I would normally squeeze every last drop out of something I was really enjoying, like an orange. However, in your example, it seems as if the pleasure is being squeezed out in the way that you might wring a dirty dishcloth. The three page criticism has effectively rendered the pastel dry, meaningless and unenjoyable.

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To answer your question, I'll quote from the source which (I assume) you are reading-

Words with specific meanings give your readers a mental picture that allows them to see what you see and understand what you are thinking. General words such as said or animal are useful but sometimes fall short of expressing an idea clearly and may leave readers uninformed. To communicate effectively, use specific nouns, verbs and modifiers. Notice how the following examples become more interesting when specific verbs replace overly general ones.

General: Tom got into his car and drove off

Specific: Tom leaped into his SUV and roared off

Here, notice how the usage of words like "leaped" and "roared off" communicate a more clearer picture of the sentence, than the words in the "general usage". "Roared off" depicts a picture of the strength(power,torque) of his SUV, and even Tom himself(leaped).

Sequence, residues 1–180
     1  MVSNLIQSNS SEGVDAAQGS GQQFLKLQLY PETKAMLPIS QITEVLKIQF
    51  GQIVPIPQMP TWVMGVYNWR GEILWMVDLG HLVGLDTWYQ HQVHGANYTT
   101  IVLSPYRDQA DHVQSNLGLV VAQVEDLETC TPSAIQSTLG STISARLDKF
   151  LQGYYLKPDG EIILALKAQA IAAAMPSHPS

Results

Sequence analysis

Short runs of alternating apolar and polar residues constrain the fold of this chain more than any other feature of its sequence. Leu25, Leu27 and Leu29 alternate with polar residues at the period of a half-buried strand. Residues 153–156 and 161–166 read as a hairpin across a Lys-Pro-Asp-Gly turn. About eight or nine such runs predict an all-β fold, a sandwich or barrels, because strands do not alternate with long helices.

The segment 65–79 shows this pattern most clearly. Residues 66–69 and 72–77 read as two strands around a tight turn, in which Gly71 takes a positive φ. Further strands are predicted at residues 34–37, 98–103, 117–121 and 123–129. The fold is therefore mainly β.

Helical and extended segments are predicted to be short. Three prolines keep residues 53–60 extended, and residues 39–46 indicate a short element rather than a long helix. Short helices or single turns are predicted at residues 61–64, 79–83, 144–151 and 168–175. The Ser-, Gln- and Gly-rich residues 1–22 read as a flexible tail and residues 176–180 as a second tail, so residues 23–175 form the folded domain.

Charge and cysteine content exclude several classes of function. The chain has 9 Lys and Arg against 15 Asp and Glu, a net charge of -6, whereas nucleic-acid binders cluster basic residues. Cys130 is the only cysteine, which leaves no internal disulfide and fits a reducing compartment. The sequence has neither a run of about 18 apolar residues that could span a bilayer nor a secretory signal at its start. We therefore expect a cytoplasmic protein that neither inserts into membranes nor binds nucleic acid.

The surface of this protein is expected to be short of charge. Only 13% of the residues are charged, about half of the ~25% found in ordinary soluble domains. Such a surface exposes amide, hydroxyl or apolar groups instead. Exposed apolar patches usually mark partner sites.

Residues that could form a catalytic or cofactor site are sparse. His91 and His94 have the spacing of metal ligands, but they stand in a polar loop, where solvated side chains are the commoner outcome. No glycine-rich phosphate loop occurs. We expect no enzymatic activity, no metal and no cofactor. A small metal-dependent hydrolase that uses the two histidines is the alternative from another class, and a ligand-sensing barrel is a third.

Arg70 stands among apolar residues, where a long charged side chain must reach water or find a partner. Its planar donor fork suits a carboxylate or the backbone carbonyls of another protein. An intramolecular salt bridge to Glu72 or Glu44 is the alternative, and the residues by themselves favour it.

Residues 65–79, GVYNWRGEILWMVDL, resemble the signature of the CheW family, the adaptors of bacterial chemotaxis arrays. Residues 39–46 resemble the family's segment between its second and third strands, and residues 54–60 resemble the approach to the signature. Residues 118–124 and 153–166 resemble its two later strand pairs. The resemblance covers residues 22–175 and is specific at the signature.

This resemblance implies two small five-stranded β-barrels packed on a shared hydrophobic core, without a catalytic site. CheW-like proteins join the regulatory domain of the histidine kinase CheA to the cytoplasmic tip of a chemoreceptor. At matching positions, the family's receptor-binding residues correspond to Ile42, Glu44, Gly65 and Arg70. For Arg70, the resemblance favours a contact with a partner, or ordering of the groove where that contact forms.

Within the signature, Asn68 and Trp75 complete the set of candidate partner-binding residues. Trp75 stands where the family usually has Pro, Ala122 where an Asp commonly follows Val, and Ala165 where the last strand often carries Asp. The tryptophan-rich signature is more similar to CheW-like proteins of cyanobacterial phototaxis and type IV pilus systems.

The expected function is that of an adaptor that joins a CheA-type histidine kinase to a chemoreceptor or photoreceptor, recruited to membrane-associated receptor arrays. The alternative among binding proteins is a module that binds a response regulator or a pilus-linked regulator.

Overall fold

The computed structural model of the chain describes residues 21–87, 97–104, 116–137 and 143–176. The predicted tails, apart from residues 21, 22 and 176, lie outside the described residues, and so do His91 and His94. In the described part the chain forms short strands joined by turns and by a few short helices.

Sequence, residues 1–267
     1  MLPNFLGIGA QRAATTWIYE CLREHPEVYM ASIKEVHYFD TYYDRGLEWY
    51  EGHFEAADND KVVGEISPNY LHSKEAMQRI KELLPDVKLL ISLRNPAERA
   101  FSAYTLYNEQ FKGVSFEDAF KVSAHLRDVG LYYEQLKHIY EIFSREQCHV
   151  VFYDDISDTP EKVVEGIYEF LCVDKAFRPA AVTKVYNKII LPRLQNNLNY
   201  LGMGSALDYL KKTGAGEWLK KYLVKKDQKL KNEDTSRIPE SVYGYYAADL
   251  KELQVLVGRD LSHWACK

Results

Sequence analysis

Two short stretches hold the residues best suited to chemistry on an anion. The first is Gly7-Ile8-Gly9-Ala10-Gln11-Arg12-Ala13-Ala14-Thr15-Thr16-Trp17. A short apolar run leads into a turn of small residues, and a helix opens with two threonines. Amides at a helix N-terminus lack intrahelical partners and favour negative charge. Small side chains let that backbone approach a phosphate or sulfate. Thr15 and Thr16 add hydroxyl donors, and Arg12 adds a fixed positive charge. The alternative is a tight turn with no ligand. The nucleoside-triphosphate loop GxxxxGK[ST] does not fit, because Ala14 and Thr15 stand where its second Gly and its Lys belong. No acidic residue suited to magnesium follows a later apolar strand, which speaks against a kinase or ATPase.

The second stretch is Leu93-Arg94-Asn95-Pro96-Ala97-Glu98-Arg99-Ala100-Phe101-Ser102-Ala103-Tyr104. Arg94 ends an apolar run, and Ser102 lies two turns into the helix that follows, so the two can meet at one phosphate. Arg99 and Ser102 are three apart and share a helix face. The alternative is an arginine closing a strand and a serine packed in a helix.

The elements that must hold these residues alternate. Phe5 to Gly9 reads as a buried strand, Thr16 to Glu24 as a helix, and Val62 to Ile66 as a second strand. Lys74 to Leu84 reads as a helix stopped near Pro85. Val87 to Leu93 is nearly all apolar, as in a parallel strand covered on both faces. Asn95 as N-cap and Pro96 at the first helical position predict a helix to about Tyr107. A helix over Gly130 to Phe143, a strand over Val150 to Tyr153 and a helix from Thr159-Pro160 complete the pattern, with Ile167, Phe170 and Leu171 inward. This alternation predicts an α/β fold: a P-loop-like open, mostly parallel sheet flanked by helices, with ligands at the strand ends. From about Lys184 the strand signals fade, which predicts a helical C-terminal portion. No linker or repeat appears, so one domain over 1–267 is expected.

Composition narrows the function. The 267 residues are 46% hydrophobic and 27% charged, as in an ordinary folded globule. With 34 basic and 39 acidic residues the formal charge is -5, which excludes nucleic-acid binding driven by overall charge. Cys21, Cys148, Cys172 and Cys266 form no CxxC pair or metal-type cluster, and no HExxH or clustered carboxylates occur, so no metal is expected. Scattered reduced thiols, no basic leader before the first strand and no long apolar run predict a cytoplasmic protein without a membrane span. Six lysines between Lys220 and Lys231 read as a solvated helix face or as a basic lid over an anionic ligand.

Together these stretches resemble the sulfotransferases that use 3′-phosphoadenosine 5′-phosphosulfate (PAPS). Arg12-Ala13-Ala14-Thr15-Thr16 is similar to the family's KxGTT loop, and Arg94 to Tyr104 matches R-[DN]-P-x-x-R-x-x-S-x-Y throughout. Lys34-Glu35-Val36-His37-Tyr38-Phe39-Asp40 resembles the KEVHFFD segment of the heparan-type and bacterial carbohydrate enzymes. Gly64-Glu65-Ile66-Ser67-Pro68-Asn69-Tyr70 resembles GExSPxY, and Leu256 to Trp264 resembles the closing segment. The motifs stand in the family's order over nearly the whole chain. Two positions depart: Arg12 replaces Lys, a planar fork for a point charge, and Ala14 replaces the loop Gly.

Instead, if the sentence would have been

Tom got into his SUV and drove off

there would be nothing specific/special about the sentence that would depict qualities about the SUV, or for that matter, Tom himself.

Similarly, in your examples, again from the same source:

General: The writer wrote a three-page critique of the painting in which he said he did not like it

Specific: In his three-page critique, the art critic squeezed every drop of meaning- and enjoyment- out of the 3-inch by 3-inch pastel.

B is indeed a specific version of A. The words "squeezed every drop of meaning and enjoyment out" clearly show what a harsh critic the writer was. It implies that the critique by the writer extended beyond mere "dislike".

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  • What does 'sequeeze every drop of meaning' mean? To me, it seems to mean the critic interpreted an artwork in as much detail as he could, so that there was nothing left to be explained. – Apollyon Aug 2 '14 at 16:42
  • Why would you use "squeeze every drop of meaning and enjoyment out" if you were merely interpreting something? The word "out" itself suggests a strong dislike. And squeezed every drop is used because the object in question is a painting. – Manish Giri Aug 2 '14 at 16:47
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    I reckon my interpretation was inspired by 'squeeze every drop of juice out of an orange'. Since this is not a negative evaluation of the orange but describes a person makes the most of it, 'squeeze every drop of meaning and enjoyment' would naturally imply 'interpret an artwork to the fullest and to someone's enjoyment. – Apollyon Aug 2 '14 at 16:50